Category Archives: information security

Methodology for the identification of critical connected infrastructure and services — SAAS, shared services..

ENISA released a study with a methodology identifying critical infrastructure in communication networks. While this is important and valuable as a topic, I dove into this study for a particularly selfish reason … I am SEEKING a methodology that we could leverage for identifying critical connected infrastructure (cloud providers, SAAS, shared services internally for large corporations, etc..) for the larger public/private sector.  Here are my highlights – I would value any additional analysis, always:

  • Challenge to the organization: “..which are exactly those assets that can be identified as Critical Information Infrastructure and how we can make sure they are secure and resilient?”
  • Key success factors:
    • Detailed list of critical services
    • Criticality criteria for internal and external interdependencies
    • Effective collaboration between providers (internal and external)
  • Interdependency angles:
    • Interdependencies within a category of service
    • Interdependencies between categories of services
    • Interdependencies among data assets
  • Establish baseline security guidelines (due care):
    • Balanced to business risks & needs
    • Established at procurement cycle
    • Regularly verified (at least w/in 3 yr cycle)
  • Tagging/Grouping of critical categories of service
    • Allows for clean tracking & regular security verifications
    • Enables troubleshooting
    • Threat determination and incident response
  • Methodology next steps:
    • Partner with business and product teams to identify economic entity / market value
    • Identify the dependencies listed about and mark criticality based on entity / market value
    • Develop standards needed by providers
    • Investigate how monitoring to standards can be managed and achieved (in some cases contracts can support you, others will be a monopoly and you’ll need to augment their processes to protect you)
    • Refresh and adjust annually to reflect modifications of business values

I hope this breakout is helpful. The ENISA document has a heavy focused on promoting government / operator ownership, but businesses cannot rely or wait for such action and should move accordingly. The above is heavily modified and original thinking based on my experience with structuring similar business programs. A bit about ENISA’s original intent of the study:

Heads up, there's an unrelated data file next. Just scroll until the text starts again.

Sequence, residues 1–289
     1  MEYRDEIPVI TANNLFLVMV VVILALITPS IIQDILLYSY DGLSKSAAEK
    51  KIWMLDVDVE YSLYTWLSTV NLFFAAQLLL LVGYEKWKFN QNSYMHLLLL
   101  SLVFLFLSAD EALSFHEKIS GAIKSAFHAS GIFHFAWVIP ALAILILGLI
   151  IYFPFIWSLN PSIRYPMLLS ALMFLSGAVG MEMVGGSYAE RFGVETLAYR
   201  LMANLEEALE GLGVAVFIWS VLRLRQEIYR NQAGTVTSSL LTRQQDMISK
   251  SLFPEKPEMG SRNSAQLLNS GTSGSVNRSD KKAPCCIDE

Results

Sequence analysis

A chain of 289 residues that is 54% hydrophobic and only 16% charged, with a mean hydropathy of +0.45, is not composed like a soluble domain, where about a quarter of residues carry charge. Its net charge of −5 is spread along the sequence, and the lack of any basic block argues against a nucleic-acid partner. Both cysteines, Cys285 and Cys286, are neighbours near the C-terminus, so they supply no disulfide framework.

This study aims to tackle the problem of identification of Critical Information Infrastructures in communication networks. The goal is to provide an overview of the current state of play in Europe and depict possible improvements in order to be ready for future threat landscapes and challenges. Publication date: Feb 23, 2015 via Methodologies for the identification of Critical Information Infrastructure assets and services — ENISA.

Best, James

The “appearance of trustability” on foo.Github.io

Github is an awesome repository system that is very popular. Basically if you want to work on something (code, a book, electronic files) and then allow others to freely make suggested modifications (think track changes in a Microsoft Word doc), GitHub is the new way of life. I have used on publishing a book, writing code, taking a Python course online, and others are using it at a scale to produce some of the fantastic tools you see online.

I recently saw a post (included below) that clarified how their encryption was setup. Basically encryption allows you to confidentially send data to another party without the fear of others intercepting, stealing, or modifying it. It appears though that for foo.GitHub.io they are presenting the appearance of encryption, but in fact do not have it. Meaning the actual files are sent in the clear.

This is a problem in our structure of security and compliance. Today we have regulations and industry standards that are designed to prescribe specific security safeguards and levels to ensure a baseline amount of security. If organizations don’t meet the true intent of the regulations, do only enough to pass inspection, but create an environment that is susceptible to basic attacks – the user (you and me) are the one’s who suffer.

While it is disappointing for an organization to setup something that clearly creates false trust and checks a box, it is more a call to action for those who operate these systems to embrace pride of the services they are delivering. Much as Steve Jobs desired the insides and outsides of a system to be done correct – the security of an organization should not just look but be right.